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Comment: Re:Yeah, right... (Score 1) 249

by WiPEOUT (#47675639) Attached to: Apple's App Store Needs a Radical Revamp; How Would You Go About It?

(x) Scammy developers will pay people in 4th-world countries to say their app is great.

Not disagreeing entirely with what you're saying in the rest of your post, but this particular issue could be mitigated by having ratings only factor in scoring from the same region/country as the prospective customer.

Comment: Re:"machines will view us as an unpredictable" (Score 1) 564

no one will miss the subset of the species that "is unstable, creates wars, has weapons to wipe out the world twice over, and makes computer viruses" when our new overlords wipe them out. (You know who you are!)

Setting aside instability, most people may not be inclined to initiate wars, wipe the world out or create viruses, but if a sentient AI took over, many would resort to these measures to reassert their dominance/freedom.

Comment: Re:DLC? (Score 1) 178

by WiPEOUT (#47320793) Attached to: The Rise and Fall of the Cheat Code

So you have a team of devs sitting idle for two months. Well, you could put them on fixing some of the more egregious bugs found (leading to day 1 patches) because they have an extra 2 months to fix it, and the other devs (and artists, etc) can work on making extras (day 1 DLC). Because the moment the game is released, gamers might find a bug and you need to get people fixing it.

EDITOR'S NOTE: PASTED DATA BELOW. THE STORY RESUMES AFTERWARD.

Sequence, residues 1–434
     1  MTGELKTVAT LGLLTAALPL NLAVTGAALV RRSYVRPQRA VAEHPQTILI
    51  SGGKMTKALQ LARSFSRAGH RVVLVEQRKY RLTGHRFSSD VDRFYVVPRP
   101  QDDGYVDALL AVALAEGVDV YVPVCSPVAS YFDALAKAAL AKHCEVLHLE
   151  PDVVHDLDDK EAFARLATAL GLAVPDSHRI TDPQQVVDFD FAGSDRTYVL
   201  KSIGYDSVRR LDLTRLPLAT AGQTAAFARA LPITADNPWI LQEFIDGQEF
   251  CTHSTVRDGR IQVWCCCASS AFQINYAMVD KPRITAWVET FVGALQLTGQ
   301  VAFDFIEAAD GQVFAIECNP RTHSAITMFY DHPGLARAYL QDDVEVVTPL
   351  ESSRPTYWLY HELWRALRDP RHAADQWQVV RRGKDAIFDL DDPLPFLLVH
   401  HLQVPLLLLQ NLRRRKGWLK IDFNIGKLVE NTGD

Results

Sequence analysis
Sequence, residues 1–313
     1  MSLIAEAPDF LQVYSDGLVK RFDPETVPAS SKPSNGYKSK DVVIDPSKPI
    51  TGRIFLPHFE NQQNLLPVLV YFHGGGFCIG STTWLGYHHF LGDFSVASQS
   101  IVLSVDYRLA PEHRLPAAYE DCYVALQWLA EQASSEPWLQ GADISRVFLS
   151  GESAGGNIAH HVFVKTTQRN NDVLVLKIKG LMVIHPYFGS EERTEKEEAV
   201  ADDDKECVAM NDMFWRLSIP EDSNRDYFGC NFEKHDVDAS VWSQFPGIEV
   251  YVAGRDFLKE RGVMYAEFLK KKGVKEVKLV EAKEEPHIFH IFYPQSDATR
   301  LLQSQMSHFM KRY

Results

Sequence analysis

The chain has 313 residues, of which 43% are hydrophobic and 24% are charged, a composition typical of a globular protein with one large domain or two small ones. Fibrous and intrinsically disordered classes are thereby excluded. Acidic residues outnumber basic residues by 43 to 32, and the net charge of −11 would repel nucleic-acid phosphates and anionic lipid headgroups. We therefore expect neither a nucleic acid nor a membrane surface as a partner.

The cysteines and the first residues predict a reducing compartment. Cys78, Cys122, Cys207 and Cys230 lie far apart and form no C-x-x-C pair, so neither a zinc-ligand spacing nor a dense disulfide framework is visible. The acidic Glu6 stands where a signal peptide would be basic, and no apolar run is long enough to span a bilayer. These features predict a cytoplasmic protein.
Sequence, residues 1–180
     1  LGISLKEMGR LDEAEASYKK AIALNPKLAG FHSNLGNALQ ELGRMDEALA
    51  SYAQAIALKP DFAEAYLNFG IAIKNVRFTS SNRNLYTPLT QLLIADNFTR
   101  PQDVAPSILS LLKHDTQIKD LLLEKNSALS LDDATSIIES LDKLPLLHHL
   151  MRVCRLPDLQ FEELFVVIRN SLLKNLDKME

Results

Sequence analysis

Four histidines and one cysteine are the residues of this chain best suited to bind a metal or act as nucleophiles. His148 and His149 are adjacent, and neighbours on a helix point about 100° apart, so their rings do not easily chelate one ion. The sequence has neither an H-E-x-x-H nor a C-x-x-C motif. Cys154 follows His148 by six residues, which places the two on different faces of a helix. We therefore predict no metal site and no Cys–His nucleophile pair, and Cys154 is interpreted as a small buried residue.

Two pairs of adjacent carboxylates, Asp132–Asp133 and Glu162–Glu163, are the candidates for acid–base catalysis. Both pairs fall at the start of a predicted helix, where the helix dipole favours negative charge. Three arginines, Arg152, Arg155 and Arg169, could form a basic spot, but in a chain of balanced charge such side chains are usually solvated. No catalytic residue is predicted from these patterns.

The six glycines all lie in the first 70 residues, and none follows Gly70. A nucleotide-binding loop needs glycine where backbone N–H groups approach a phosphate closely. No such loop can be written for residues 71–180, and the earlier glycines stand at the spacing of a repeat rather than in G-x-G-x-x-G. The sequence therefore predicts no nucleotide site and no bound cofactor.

Developers can't sit around idle, and if a game's done, either you reallocate them to a new project, or lay them off. Either option doesn't work if you need to fix bugs. That's why you have day 1 patches (extra 2 months to fix bugs), day 1 DLC (2 months to generate content), and day 1 gamebreaking bugs.

Sounds like the answer is staring the gaming industry in the face: when preparing the game's business case, incorporate the outputs of those two months into a free patch/expansion patch, and set the price accordingly (or define the initial feature set accordingly, if price needs to be X). Of course, it's easier to be greedy and generate an additional revenue stream (paid DLC).

+ - German scientists successfully test brain-controlled aircraft

Submitted by stephendavion
stephendavion (2872091) writes "Scientists from the Institute for Flight System Dynamics at Technical University of Munich (TUM), Germany have demonstrated the feasibility of flying a brain-controlled aircraft. Led by professor Florian Holzapfel, the team is researching ways that brain-controlled flight works in the EU-funded project 'Brainflight'. TUM project head Tim Fricke said a long-term vision of the project is to make flying accessible to more people."

+ - Shrinking Waves May Save Antarctic Sea Ice->

Submitted by sciencehabit
sciencehabit (1205606) writes "It’s a nagging thorn in the side of climatologists: Even though the world is warming, the average area of the sea ice around Antarctica is increasing. Climate models haven’t explained this seeming contradiction to anyone’s satisfaction—and climate change deniers tout that failure early and often. But a new paper suggests a possible explanation: Variability in the heights of ocean waves pounding into the sea ice may help control its advance and retreat."
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Comment: Option B is the both functional and representative (Score 4, Interesting) 127

by WiPEOUT (#46581331) Attached to: NASA Puts Its New Spacesuit Design To a Public Vote

Someone mentioned above that the vote has no functional meaning. I disagree.